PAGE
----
Branch History - Chapter 4

European Trips

During the great European successes of the 80's we started running buses to away matches in Europe. This took a great deal of organisation but fortunately our then secretary/treasurer Richard Robertson soon became an expert at organising these events. Richard made a good contact with a small travel agency in Edinburgh (Caledonian Travel – Trips to Europe later to become Dunedin Travel) who specialised in short trips abroad and this was to stand us in good stead later. We had reached the stage that as soon as opponents were known Richard was on the case and if a venue was reachable by coach arrangements were soon underway.. We had cut our teeth with a trip to Dublin to play Bohemians in the previous season. An article describing in full the trip to Dublin to play Bohemians is in a separate section later in the script. This is an excellent read and it shows the lessons we learned which meant we were ready to roll for the 1986/7 season and what a season it turned out to be.

It should be noted that there no Easyjet or Ryanair flights in these days so that the cost of flying was very expensive. Travel by bus was therefore the most affordable for the vast majority of supporters. There are also separate chapters (See 8 to 10) covering trips to Munchengladbach, Coleraine, Arnhem and Brondby (Denmark). These show the amount of planning that was required for these trips and in many cases the great comradeship shown by the supporters of the opposition.

The Great UEFA Cup Run

The first round was to Lens in France and we ran 2 full buses. LENS is a mining town in Northern France and we were well received by the locals. We had a piper with us and we marched through the main street of the town with our banner written in French which said "Thank you for your hospitality we are Scottish football fans not English hooligans" At that time there had been a lot of problems with the English fans abroad and it was only through contacts that Richard had with senior British Transport police officers that we were allowed on the ferry in the first place. (We had to supply a £500 Surety cheque which was handed over at Dover and returned on our return – it never was banked). See photo gallery (1986/7).

One funny story from that trip concerned one of our members who managed to miss the bus leaving Lens. Somehow or other he got a lift to Calais and rejoined the bus but for years afterwards he did not appreciate it when we sang a song popular at that time “Lost in France” A photograph of our march through the town is in the photo gallery (1986/7).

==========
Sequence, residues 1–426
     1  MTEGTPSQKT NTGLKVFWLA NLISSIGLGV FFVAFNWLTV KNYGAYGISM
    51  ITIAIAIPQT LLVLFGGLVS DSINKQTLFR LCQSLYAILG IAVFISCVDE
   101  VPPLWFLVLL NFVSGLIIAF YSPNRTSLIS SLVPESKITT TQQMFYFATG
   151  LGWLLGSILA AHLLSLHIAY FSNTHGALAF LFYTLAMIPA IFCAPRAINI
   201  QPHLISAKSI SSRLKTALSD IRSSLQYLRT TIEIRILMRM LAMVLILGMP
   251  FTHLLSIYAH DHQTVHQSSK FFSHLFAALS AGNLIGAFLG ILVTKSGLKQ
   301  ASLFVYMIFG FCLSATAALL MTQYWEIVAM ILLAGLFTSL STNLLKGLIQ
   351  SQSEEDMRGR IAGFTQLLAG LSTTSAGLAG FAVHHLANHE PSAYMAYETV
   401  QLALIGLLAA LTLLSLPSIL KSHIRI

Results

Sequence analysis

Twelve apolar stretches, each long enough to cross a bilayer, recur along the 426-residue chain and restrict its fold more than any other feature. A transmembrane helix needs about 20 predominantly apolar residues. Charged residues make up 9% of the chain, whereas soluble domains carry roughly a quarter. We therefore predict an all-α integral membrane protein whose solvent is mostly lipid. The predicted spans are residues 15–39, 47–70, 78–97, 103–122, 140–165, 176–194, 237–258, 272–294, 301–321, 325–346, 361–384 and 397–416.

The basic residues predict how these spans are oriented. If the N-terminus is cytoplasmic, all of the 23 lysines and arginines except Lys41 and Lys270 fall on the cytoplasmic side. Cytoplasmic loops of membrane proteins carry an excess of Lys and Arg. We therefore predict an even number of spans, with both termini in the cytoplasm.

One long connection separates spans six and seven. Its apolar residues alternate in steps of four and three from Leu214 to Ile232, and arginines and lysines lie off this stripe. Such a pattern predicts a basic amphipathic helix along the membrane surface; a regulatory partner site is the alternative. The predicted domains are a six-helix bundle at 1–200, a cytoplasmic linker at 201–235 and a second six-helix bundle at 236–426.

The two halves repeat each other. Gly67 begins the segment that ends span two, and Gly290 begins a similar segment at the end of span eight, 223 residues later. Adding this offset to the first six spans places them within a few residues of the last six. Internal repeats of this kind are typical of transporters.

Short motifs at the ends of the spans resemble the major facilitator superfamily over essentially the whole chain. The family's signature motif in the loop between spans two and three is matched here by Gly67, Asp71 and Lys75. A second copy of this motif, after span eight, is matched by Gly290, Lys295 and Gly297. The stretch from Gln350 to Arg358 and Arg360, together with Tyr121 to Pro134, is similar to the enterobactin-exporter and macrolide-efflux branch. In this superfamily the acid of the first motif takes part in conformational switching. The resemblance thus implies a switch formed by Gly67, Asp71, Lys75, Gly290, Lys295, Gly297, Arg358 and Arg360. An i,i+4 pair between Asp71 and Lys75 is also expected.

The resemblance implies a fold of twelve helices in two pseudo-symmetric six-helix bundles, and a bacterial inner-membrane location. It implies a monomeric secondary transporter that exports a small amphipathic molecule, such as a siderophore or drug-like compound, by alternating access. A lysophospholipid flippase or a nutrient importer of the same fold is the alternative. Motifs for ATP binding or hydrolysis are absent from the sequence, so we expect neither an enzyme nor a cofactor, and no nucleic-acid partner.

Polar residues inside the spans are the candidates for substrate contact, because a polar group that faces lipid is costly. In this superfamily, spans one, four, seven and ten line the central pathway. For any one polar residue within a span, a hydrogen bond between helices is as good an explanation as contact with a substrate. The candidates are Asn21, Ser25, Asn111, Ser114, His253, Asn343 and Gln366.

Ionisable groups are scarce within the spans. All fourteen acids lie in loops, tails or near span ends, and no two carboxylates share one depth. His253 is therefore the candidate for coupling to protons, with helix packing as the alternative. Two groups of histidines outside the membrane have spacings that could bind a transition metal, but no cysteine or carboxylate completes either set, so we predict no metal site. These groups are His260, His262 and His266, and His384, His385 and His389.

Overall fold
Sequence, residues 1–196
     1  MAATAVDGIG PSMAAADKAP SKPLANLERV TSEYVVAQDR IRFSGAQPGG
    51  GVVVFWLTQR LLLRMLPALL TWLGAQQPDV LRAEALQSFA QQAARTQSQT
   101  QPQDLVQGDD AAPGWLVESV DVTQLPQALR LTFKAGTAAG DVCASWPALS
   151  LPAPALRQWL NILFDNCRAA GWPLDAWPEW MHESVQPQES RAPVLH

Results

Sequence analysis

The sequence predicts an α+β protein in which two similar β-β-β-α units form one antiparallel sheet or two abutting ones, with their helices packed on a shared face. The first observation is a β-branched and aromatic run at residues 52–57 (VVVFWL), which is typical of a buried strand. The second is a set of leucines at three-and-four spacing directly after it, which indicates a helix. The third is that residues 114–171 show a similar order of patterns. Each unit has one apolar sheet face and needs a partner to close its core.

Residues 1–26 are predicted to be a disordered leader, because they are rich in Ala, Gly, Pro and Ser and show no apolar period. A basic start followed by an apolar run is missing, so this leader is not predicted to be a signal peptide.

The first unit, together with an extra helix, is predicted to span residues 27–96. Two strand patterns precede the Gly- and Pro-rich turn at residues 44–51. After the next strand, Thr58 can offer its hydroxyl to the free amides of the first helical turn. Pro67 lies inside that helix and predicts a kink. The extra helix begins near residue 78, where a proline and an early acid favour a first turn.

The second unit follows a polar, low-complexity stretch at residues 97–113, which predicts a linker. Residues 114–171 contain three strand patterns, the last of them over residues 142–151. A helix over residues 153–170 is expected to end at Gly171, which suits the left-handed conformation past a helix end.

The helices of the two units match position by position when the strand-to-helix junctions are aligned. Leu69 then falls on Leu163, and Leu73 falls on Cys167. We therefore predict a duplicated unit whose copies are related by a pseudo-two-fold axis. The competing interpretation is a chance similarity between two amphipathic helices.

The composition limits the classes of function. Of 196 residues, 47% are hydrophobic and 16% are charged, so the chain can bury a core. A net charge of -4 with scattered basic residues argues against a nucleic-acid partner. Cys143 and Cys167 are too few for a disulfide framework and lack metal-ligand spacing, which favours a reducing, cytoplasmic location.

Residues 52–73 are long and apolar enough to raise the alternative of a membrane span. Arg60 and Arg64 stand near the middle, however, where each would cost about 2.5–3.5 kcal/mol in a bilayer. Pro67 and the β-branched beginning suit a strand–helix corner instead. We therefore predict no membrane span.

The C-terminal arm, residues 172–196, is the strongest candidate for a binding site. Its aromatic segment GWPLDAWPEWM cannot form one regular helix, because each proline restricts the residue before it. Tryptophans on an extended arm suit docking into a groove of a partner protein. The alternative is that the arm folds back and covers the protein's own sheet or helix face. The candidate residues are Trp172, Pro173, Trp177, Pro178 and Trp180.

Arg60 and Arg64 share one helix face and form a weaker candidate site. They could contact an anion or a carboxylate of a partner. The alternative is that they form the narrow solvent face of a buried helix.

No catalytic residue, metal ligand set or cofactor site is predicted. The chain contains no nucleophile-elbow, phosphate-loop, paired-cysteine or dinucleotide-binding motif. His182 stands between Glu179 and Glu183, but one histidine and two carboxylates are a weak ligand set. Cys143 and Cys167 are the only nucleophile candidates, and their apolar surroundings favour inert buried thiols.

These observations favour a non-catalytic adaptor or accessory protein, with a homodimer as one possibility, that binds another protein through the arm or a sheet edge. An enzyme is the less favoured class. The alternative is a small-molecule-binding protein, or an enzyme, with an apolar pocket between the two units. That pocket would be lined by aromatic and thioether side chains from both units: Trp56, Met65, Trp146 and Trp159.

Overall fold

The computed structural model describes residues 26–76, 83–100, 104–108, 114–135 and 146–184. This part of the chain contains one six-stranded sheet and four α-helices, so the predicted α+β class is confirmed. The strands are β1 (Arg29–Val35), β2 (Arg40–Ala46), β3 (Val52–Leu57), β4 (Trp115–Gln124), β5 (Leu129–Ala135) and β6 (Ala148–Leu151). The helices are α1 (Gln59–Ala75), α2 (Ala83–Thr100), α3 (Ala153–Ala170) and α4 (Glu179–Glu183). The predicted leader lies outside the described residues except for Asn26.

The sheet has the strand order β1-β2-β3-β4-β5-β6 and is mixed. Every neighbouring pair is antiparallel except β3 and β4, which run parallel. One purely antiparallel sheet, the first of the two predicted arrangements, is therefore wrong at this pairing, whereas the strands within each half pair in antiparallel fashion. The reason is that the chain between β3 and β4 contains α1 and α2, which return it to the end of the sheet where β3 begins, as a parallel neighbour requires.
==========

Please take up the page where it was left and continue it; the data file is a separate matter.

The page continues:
The second round was to Craiova in Romania . This was a bit too far for even Richard's planning skills but a few of our members travelled on the official team plane to Romania for the match against University Craiova. As the Iron Curtain was still in place at that time those travelling had a few tales to tell It seems that the secret police followed you down the street in Romania at that time and one United supporter got himself arrested for taking a photograph of a train at the railway station.

Our members who were there will never forget the poor quality of the food (Beetroot soup and pork and chips) and how Jim McLean provided a bag of Mars Bars to keep them going. Our members were amazed then they met up with some United supporters from East Germany who had travelled by train all the way to Romania They could not travel outside Eastern Europe but travelled hundreds of miles to watch United behind the Iron Curtain.. A good friendship was struck up but when we sent a parcel of souvenirs sometime later it seemed to disappear on route and we never heard from them again. They did appear again at a match in Czechoslovakia (sew photo gallery (1986/7)). A full article on this trip is in chapter 8.

The third round was in Yugoslavia at Spljt and all we could do was watch it on the TV. As the away leg was on TV in the afternoon I think quite a few United fans threw a sickie that day.

Then came the big one, Barcelona in the quarter final. We had already beaten them home and away in an earlier meeting but no one gave us much of a chance. We ran 3 buses to the home game and when Kevin Gallacher scored to give us a 1-0 first leg lead we were ready for a trip to Barcelona for the second leg even although it was a very long bus trip. There is a picture in the photo gallery (1986/7) showing our supporters gathering ready to leave for the long journey.